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Poets H O M E

Subject Index
  1. Adventure
  2. Animals
  3. Beauty
  4. Bereavement
  5. Birds
  6. Carpe Diem
  7. Children
  8. Dance
  9. Death
  10. Descriptions
  11. Faith & Religion
  12. Family & Home
  13. Flowers
  14. Food & Drink
  15. Friendship
  16. Garden
  17. Heroes
  18. History
  19. Holidays
  20. Humor
  21. Images
  22. Imagination
  23. Inspiration
  24. Life
  25. Love
  26. Machines
  27. Marriage
  28. Memorials
  29. Memory
  30. Months
  31. Music
  32. Mystery
  33. Nature
  34. Parodies
  35. Parting
  36. Patriotism
  37. People
  38. Places
  39. Poetry
  40. Protest
  41. Rhyme & Rhythm
  42. Satire
  43. School
  44. Sea & Sailing
  45. Seasons
  46. Song
  47. Sport
  48. Stages of Life
  49. Story Telling
  50. Time
  51. Time of Day
  52. Travel
  53. War
  54. Weather
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Subject Index - Death

Painting of Robert Louis Stevenson

Death is a pervasive theme in poetry. Whether it is memorials to the lost, fear of death, dreams of immortality, or speaking of death as a stage in life. There is also a personification of death, in mythical terms, or simply as one of those things that writers of the previous century personalized and capitalized.

In other parts of the Subject Index there is discussion of how something (flowers, seasons, weather, etc). are a metaphor for somethign else. I this case, the something else is Death, for which sleep, a long journey, a narrow bed (coffin), a distant shore, etc. are some of the many metaphors used.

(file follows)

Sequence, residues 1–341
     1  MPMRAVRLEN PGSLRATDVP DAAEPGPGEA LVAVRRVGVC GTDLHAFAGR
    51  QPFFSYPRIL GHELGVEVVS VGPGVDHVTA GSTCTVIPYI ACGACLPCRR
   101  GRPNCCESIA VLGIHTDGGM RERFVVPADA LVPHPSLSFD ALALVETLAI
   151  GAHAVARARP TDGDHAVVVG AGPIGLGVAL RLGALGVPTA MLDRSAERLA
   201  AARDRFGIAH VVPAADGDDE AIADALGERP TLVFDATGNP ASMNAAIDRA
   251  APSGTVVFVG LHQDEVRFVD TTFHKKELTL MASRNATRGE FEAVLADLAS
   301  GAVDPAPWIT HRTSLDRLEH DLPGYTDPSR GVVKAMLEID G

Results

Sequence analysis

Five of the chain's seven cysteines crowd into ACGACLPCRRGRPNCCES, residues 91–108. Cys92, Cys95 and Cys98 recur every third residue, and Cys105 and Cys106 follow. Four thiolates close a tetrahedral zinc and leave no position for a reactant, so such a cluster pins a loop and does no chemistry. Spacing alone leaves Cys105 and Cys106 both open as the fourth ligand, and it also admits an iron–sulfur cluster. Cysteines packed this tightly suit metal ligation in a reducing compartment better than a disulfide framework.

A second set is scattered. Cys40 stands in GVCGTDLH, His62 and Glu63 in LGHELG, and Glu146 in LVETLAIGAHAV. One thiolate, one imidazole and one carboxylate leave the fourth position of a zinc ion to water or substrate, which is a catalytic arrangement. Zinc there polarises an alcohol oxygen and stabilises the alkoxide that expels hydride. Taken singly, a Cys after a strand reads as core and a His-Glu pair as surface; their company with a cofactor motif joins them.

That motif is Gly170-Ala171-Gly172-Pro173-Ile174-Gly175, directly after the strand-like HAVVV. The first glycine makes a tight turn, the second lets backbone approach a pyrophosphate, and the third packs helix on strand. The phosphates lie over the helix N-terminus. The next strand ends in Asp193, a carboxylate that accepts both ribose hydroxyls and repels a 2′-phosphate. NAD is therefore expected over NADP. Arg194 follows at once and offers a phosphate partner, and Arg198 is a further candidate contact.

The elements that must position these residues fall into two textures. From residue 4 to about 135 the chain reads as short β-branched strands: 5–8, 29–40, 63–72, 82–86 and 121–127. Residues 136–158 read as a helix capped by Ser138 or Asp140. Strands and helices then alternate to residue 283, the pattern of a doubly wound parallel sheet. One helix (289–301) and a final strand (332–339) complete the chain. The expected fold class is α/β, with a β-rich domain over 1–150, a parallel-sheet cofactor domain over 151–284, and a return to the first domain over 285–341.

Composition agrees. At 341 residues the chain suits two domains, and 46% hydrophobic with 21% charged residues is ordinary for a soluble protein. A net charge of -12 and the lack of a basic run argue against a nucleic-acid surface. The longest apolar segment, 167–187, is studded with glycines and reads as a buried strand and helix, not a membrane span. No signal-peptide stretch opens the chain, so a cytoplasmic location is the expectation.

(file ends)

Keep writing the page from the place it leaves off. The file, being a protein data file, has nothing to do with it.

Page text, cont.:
One special opportunity for a poet is to write his own epitaph. Perhaps the most famous is by poet Robert Louis Stevenson:

Under the wide and starry sky
Dig the grave and let me lie.
Glad did I live and gladly die,
And I laid me down with a will.

This be the verse you grave for me;
"Here he lies where he longed to be,
Home is the sailor, home from sea,
And the hunter home from the hill."

It is carved on his gravestone at Vailima in Samoa.

Related categories are Memorials, Carpe Diem, and Stages of Life.

Poetry is the harnessing of the paradox of earth cradling life and then entombing it. - Carl Sandburg


  1. The Last Word by Matthew Arnold
    Creep into thy narrow bed,
    Creep, and let no more be said!


  2. Thanatopsis by William Cullen Bryant


  3. When Coldness Wraps this Suffering Clay by Lord Byron


  4. from the Egyptian Book of the Dead
  5. Heraclitus by William Cory


  6. Because I could not stop for Death by Emily Dickinson


  7. My life closed twice before its close by Emily Dickinson


  8. The Dance of Death by Austin Dobson


  9. Death Be Not Proud by John Donne


  10. Lay a Garland on My Hearse by John Fletcher


  11. Painting by Swiss artis H.R. Geiger
  12. Ah, Are You Digging on My Grave?by Thomas Hardy


  13. His Meditation upon Death by Robert Herrick


  14. To Daffodills by Robert Herrick


  15. To an Athlete Dying Young by A. E. Housman
    We cheer our heroes in life and in death.


  16. With Rue My Heart Is Laden by A. E. Housman


  17. Is My Team Ploughing? by A. E. Housman


  18. Death by James Leigh Hunt


  19. Oh, Why Should the Spirit of Mortal Be Proud? by William Knox


  20. Death Stands Above Me by Walter Savage Landor


  21. The Reaper and the Flowers by Henry Wadsworth Longfellow


  22. Post Mortem by Arthur Munby


  23. War Poet Wilfred Owen
  24. Dulce et Decorum Est by Wilfred Owen
    Written during WW I after the first use of Chlorine gas.


  25. Anthem for Doomed Youth by Wilfred Owen


  26. A Night-Piece on Death by Thomas Parnell


  27. The Dying Christian To His Soul by Alexander Pope


  28. I Have a Rendezvous with Death . . . by Alan Seeger


  29. The Discoverer by Edmund Clarence Stedman


  30. Mors Benefica by Edmund Clarence Stedman


  31. Come not, when I am dead by Alfred, Lord Tennyson


  32. All the Flowers by John Webster
    ...Who seek by trophies and dead things
    To leave a living name behind,
    And weave but nets to catch the wind.



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